Among its strategies: a partnership that connects Fast Pace patients in crisis with a licensed clinical social worker or behavioral health therapist, using Apple iPad devices and Lenovo notebooks, in as little as 15 minutes.
The virtual consultations are as effective as in-person treatment, the American Psychiatric Association says. And they also can identify and alleviate other health issues that might go unaddressed, a potential means to reduce readmissions.
Collaboration Tools Allow for Smarter Work
Collaboration tools also hold major potential for care teams and leadership, says Jason James, who helped implement a BYOD policy as the CIO of Optima Healthcare Services (the company, which provides Software as a Service to outpatient practices, was acquired by Net Health in July).
“We have video chats, we share files in real time — we are no longer tied to just email,” James said earlier this year in a speech at CDW’s Future of Work SummIT. “So, no matter where someone works, they can still do their job not only securely, but also effectively.”
A similar notion guided Vidant Health of eastern North Carolina to adopt videoconferencing for its monthly tumor board meetings that once required some physicians to drive for hours to attend. It proved so popular among Vidant providers that the company changed its plans for a phased expansion of the technology and conducted a larger, faster-paced rollout to meet the demand from users.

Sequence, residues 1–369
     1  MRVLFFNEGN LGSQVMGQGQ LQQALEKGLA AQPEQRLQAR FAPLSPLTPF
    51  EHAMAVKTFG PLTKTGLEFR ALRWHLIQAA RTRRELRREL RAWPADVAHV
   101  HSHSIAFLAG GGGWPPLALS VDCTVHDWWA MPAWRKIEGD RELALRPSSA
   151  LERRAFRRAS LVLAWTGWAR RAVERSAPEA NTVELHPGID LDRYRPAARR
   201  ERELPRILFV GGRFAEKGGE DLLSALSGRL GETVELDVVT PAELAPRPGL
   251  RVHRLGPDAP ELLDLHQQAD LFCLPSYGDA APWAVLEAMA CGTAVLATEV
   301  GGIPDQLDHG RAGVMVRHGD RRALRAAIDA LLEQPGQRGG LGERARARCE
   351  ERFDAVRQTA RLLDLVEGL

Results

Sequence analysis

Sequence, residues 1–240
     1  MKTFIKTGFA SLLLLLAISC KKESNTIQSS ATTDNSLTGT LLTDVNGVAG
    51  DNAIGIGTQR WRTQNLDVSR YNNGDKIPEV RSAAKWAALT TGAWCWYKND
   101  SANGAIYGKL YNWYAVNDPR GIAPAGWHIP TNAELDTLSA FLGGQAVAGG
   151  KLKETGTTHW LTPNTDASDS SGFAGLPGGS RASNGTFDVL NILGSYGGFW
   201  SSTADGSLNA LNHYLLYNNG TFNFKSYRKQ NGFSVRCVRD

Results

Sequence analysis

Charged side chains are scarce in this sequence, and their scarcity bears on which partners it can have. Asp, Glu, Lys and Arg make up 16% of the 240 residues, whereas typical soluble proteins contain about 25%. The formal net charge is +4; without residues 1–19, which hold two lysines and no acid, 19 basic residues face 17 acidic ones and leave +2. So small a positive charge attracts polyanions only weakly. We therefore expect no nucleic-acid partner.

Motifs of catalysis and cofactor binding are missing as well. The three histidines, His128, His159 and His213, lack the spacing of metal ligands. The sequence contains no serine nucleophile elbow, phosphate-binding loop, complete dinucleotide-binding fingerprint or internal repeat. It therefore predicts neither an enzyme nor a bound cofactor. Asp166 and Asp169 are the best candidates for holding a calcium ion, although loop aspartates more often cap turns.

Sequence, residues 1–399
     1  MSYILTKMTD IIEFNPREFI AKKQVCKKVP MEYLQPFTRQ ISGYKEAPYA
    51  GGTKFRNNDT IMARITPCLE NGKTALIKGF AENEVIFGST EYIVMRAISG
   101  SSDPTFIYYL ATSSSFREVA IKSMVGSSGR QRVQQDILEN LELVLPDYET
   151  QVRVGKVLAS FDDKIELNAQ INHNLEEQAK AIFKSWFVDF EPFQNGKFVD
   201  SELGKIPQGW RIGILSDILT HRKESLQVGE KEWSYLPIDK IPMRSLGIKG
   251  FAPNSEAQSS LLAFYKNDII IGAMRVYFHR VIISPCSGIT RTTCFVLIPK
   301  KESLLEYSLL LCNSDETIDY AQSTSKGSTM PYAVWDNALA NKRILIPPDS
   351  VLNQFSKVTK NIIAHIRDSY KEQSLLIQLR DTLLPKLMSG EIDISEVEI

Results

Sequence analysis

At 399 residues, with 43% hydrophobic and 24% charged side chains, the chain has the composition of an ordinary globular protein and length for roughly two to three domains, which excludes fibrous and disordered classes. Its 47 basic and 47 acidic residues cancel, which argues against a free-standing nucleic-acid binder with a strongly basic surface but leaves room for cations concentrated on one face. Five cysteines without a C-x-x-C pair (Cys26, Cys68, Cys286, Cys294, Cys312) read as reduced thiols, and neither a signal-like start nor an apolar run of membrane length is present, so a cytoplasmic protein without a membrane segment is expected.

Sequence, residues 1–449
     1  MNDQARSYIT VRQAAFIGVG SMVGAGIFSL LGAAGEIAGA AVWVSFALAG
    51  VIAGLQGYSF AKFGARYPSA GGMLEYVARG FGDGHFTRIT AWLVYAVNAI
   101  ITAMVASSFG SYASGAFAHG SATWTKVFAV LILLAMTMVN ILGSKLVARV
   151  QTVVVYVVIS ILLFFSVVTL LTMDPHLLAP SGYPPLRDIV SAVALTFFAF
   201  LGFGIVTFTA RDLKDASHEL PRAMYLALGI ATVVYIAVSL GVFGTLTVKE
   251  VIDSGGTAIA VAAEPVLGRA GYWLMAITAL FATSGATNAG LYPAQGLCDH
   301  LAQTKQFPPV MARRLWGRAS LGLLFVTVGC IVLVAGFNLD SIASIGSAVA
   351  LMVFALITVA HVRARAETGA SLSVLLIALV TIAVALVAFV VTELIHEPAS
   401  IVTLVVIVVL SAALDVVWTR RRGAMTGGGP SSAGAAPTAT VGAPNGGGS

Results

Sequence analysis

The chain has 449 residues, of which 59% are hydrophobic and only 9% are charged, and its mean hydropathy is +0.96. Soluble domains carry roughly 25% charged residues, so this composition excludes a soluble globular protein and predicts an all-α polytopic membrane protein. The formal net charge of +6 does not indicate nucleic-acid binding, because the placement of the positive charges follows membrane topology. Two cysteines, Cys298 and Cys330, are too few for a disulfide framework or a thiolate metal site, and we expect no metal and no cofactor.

And at CHRISTUS, a health system that operates hundreds of facilities across the Southern U.S. and South America, the deployment of virtual desktop infrastructure provides safe, secure access to key apps and desktop images — simplicity that helps staffers access data from a range of devices, regardless of their location.
Healthcare teams must think beyond the walls of a clinic or hospital to truly leverage the power of collaboration. When the right technology is involved, no distance is too far.